Friday, June 20, 2014

It was amateurish, we agree

The highly paid head of the NCAA's testimony, that is;
National Collegiate Athletic Association PresidentMark Emmert testified Thursday that paying college athletes a share of the revenue from commercial use of their names and images, the goal of a lawsuit by former football and men's basketball players, would alienate fans, damage competition and ultimately harm the athletes.
"People come to watch college sports because they're college sports with student-athletes," Emmert told a federal judge in Oakland who is conducting a nonjury trial on the suit. 
Filthy, filthy lucre!
"To convert college sports into professional sports would be tantamount to converting it into minor-league sports," with a much lower fan base, he said.
Schools would lose revenue, cut scholarships and drop sports programs, and athletes would flock to the colleges that offered the most money, Emmert said. 
The way the coaches, athletic directors, sports' information directors, peanut vendors, and groundskeepers do now.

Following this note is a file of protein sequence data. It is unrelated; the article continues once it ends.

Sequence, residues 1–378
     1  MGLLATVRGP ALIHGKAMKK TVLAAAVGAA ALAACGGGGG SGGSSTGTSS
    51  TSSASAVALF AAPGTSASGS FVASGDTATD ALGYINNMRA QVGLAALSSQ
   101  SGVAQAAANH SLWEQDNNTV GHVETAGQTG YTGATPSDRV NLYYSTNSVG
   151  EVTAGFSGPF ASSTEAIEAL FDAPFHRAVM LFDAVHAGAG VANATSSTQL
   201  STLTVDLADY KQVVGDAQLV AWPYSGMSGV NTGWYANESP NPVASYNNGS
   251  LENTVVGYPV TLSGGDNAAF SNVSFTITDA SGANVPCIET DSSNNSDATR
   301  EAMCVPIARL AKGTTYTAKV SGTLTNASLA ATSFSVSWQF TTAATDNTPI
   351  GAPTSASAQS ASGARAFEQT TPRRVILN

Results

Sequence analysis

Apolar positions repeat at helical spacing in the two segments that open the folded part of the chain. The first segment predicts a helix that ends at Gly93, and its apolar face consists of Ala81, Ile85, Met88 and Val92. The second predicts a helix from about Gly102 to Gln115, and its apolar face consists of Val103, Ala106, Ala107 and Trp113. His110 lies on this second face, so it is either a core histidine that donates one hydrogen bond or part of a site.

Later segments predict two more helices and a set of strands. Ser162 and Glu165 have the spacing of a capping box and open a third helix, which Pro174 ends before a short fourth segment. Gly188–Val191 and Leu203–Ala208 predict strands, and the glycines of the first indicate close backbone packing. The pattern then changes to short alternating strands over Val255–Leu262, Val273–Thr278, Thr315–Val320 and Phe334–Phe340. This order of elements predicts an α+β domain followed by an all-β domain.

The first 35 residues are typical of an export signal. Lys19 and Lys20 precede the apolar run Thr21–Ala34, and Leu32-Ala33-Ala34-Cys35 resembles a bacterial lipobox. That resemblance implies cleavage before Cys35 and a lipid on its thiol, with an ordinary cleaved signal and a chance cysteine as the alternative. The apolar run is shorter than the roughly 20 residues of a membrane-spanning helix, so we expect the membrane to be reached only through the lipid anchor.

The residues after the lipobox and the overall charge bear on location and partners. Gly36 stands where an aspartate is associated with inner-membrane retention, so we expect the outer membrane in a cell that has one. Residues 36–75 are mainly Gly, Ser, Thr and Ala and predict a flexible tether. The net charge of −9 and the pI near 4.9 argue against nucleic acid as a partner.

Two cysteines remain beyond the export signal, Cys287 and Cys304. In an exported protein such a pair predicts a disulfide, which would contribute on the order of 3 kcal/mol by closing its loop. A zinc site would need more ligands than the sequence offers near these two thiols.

Emmert painted a different picture of the student-athlete - "successful in the classroom" while learning "enormous lessons in life" from their coaches on subjects like teamwork, responsibility and leadership. He said NCAA rules limit organized practice time for athletes to 20 hours a week, but acknowledged that they're encouraged to do more on their own.
Without pay.
Disputing Emmert's claims, William Isaacson, a lawyer for the athletes, displayed a poster of basketball players promoting the recent NCAA tournament with logos of corporate sponsors Coca-Cola, AT&T and Capital One, and a photo of a football team entering a stadium with a banner bearing a Nike swoosh logo.
Isaacson also read a series of pronouncements by NCAA officials that said the influence of big money was blurring the line between college and professional sports - including Emmert's own warning, in a 2011 article, that "commercialism is overwhelming amateurism." 
That's different!

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